Many parents make the mistake of believing that if a high school charges more it must be better. Not true. Not only do private high schools tell Colleges that you most likely do have spare cash available for College tuition many College specific scholarship programs are not available to students. Likewise, it we have also found that many expensive private high schools in the country provide an educational experience that is only equivalent to that of a well funded public high school. The reason is that many private high schools invest their endowment money in order to continually build their brand name. Yes they have the capacity to provide better classrooms, facilities and teachers but the question you want to ask yourself is to what degree they actually do so. They are most valuable when they actively invest substantial sums of capital into building the structures and conditions necessary to help students outperform national averages on important metrics of high school achievement. Many of these schools however have proven incapable of doing so.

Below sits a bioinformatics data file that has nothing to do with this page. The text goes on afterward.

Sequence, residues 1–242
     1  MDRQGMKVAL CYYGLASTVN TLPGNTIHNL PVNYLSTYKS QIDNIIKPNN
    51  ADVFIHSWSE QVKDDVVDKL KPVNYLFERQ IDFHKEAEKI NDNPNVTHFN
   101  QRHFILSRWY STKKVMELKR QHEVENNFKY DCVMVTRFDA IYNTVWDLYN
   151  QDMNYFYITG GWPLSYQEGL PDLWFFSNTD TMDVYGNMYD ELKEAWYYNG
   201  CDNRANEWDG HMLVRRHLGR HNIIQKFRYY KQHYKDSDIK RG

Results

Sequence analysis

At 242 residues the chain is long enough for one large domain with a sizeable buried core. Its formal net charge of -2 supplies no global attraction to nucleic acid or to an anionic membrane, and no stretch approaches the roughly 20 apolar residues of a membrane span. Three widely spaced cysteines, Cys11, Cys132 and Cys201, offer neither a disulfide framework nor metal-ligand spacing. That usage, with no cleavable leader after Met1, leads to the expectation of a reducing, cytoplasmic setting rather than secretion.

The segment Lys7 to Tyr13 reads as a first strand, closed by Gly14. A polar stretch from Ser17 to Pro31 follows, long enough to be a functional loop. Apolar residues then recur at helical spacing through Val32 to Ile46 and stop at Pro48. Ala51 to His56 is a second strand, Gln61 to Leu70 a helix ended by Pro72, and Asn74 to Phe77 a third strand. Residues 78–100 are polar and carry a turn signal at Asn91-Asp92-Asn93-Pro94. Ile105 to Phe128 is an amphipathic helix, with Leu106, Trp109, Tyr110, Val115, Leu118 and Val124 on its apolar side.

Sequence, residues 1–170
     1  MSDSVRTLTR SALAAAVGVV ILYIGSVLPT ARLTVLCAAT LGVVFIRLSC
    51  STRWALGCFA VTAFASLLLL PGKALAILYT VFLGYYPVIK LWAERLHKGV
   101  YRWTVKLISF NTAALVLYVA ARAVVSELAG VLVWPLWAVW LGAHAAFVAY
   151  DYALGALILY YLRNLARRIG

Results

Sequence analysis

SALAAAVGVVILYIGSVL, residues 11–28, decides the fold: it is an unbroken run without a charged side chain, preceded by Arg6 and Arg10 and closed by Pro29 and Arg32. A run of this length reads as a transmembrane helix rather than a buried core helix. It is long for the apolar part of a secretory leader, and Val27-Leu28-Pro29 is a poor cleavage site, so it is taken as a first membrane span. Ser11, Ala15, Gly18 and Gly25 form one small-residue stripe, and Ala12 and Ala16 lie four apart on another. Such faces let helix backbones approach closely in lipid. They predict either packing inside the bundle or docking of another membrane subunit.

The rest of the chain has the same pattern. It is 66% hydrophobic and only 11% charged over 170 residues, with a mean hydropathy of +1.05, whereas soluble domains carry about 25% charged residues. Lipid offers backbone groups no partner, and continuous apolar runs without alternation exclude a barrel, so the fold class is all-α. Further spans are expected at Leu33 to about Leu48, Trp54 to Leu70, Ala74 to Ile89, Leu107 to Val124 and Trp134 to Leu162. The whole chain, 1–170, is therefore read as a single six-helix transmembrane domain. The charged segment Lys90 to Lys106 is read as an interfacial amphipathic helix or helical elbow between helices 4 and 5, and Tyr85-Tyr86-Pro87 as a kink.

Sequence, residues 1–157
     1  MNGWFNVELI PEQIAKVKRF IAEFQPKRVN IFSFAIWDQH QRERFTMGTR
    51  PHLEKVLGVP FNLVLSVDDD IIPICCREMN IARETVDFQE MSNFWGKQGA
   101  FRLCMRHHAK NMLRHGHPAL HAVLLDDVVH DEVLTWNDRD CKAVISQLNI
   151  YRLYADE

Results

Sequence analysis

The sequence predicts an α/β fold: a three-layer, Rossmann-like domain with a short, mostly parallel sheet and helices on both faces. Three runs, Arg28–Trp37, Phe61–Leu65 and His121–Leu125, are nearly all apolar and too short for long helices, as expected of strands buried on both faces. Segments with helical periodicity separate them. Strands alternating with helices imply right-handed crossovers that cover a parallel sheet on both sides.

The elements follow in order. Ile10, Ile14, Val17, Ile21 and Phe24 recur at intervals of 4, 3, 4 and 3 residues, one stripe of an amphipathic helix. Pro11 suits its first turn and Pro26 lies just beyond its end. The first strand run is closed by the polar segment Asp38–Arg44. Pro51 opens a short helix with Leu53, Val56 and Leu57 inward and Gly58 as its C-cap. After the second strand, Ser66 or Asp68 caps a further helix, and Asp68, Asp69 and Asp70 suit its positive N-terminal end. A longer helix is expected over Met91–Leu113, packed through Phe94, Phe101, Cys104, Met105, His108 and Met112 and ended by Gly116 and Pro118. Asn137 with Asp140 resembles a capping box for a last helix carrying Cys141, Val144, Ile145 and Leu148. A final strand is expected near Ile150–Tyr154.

Many of the core services that your student needs in fact to get into a top college like stellar AP classes, SAT preparation and extracellular opportunities are available at many great public high schools for free. A national survey taken by the College Board revealed that Colleges on average accepted roughly 25% of their students from private high schools while 65-70% of students were from public high schools. This data suggest that Colleges do not distinguish their admissions criteria by whether a high school is public or private but rather what percent tile your student ranks within that given school.